Favorite Vegitarian/Meatless Recipes

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Jellybeans
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RE: Favorite Vegitarian/Meatless Recipes 2004/01/30 15:36:21 (permalink)
quote:
Originally posted by Sundancer7

Michael Hoffman: Thanks for the recipe and your time. I did not know that egg plant had a bitter side. I noticed that Jellybean indicated slicing and waiting but I did not understand it was because it was bitter.

Paul E. Smith
Knoxville, TN


Oops! Sorry about the non-explanation

Anyway, I usually don't wait for the eggplant juices to drain off and I just bake or grill it as is. However, in this recipe, I drain it so that it fries better.
#31
RedPatti
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RE: Favorite Vegitarian/Meatless Recipes 2004/01/30 15:58:21 (permalink)
Tiki, what a great topic. I have enjoyed reading this thread and will enjoy all of the recipes, especially the hummus and eggplant two of my favorites. Great tips.

Jelly Beans you really shine squeezing in time to give everyone that fab recipe. You get the BIG GOLD STAR for the day.
#32
chezkatie
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RE: Favorite Vegitarian/Meatless Recipes 2004/01/30 16:38:21 (permalink)
Vegetarian Lasagna

3 T. olive oil divided
1 onion, minced
3 cloves garlic, minced
1 pound mushrooms, sliced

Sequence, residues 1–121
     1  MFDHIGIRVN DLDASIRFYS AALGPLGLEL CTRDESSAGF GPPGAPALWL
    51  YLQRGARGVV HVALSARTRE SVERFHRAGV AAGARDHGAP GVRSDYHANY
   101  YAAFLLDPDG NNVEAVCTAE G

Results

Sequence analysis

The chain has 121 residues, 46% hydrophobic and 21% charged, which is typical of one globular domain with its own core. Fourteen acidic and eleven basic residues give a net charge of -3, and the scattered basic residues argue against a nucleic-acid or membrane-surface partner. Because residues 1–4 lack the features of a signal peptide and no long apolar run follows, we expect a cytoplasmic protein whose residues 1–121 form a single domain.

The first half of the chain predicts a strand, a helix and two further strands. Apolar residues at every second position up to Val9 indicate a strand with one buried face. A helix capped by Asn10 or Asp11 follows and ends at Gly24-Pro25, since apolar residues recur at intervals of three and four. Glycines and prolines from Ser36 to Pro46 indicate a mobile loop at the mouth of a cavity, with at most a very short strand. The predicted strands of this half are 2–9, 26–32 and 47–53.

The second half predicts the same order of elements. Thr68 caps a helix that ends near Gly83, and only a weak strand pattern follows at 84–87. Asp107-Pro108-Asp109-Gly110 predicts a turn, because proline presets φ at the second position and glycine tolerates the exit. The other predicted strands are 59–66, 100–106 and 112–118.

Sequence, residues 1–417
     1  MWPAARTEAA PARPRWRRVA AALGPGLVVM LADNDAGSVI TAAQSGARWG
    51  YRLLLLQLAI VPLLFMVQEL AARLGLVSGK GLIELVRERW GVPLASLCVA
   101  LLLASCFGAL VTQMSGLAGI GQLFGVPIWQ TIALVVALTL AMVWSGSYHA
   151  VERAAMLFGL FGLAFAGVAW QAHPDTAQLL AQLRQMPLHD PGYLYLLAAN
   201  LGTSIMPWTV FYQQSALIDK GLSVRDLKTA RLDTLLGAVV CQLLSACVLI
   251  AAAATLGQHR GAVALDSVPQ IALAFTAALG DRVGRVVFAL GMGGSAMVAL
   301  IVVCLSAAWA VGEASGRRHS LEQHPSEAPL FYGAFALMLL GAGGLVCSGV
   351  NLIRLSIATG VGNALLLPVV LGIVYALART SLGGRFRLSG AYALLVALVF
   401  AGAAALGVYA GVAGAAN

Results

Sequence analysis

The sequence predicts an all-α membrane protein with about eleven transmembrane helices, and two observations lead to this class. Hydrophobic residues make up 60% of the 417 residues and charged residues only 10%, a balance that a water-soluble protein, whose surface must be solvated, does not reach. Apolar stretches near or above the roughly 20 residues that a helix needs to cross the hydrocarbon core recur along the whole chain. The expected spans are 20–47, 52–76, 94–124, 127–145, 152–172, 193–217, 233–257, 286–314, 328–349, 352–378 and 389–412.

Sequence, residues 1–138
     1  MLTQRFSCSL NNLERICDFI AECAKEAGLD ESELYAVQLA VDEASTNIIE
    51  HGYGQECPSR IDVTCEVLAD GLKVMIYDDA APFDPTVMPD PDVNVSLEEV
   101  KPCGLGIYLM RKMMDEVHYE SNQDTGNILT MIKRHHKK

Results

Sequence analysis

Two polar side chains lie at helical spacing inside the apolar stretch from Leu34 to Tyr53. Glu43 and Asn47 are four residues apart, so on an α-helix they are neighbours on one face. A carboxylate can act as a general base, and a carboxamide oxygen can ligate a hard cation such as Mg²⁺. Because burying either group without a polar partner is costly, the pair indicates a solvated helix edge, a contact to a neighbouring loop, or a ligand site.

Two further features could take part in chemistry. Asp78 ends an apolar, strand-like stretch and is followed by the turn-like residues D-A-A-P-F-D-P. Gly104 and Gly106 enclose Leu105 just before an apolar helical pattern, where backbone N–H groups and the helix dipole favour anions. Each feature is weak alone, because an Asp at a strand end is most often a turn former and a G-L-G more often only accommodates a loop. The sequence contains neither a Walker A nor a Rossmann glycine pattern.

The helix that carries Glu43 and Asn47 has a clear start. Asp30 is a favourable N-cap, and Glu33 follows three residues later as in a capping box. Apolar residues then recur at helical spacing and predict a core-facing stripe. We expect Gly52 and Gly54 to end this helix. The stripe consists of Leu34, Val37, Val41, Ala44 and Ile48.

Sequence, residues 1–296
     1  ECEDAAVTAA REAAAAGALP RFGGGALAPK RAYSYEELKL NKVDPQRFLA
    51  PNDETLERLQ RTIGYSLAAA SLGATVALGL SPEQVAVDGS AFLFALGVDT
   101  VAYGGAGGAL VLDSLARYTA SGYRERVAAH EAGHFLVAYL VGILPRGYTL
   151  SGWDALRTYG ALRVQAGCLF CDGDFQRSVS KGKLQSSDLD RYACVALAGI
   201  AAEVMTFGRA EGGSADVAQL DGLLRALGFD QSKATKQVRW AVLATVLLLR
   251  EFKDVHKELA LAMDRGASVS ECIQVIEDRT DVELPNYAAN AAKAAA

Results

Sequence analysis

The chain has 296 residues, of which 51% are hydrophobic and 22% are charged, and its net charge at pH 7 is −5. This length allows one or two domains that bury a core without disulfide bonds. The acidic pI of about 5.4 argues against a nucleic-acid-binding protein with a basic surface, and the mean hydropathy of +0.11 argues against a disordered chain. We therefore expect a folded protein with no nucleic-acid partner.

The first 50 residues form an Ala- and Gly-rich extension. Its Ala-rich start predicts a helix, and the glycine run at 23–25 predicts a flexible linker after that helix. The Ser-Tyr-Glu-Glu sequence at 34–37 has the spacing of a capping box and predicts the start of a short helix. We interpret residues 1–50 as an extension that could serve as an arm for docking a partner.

1 pound carrots, shredded
1 small can sliced black olives, drained (I usually use 2 cans)
15 oz can tomato sauce
15 oz of water (use the tomato sauce can)
6 oz tomato paste
3 t. oregano
1/2 t. salt
1/4 t. pepper
2 cups cottage cheese, well drained
2 10 oz. pkg frozen chopped spinach, thawed and drained
1 lb, 12 oz Montery Jack cheese
1/2 cup grated Parmesan cheese

In skillet, heat oil, stir in onion and garlic. Saute over medium heat for 2 minutes, stirring continuously . Stir in the mushrooms and saute genly for about 10 minutes. Add carrots and cook for 5 minutes. Stir in olives, tomato sauce, tomato paste, water, oregano, salt and pepper. Stir well and let simmer 30 minutes. There---------the sauce is done! It is really easy to make this dish if you do the sauce the day before.

OK, day of serving cook 10 lasagna noodles in large pot of water, adding 1 T oil to water. Put the noodles in 2 or 3 at time and soften before adding more. Cook until tender. Drain and then put back in kettle with some warm water to cover so they do not stick

Use a pan a little larger than 9 by 13...........spray and then line bottom with noodles to cover. (Sometimes, you might have to cut the noodles to fit properly.........no problem. Spread over noodles half the cottage cheese, half the spinach and a third of the montery jack cheese in that order. Cover with half the tomato sauce mixture. Repeat procedure. Top off with the remaining Montery Jack cheese and the Parmesan cheese. Bake in preheated 375 degree oven for 45 minutes or until bubbly.

If you use a 9 by 13 pan you will have extra noodles..........so just layer then on top of the 2nd layer of noodles and no one will know the difference. This is excellent and freezes beautifully.
#33
Jellybeans
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RE: Favorite Vegitarian/Meatless Recipes 2004/01/30 16:39:19 (permalink)
quote:
Originally posted by RedPatti

Tiki, what a great topic. I have enjoyed reading this thread and will enjoy all of the recipes, especially the hummus and eggplant two of my favorites. Great tips.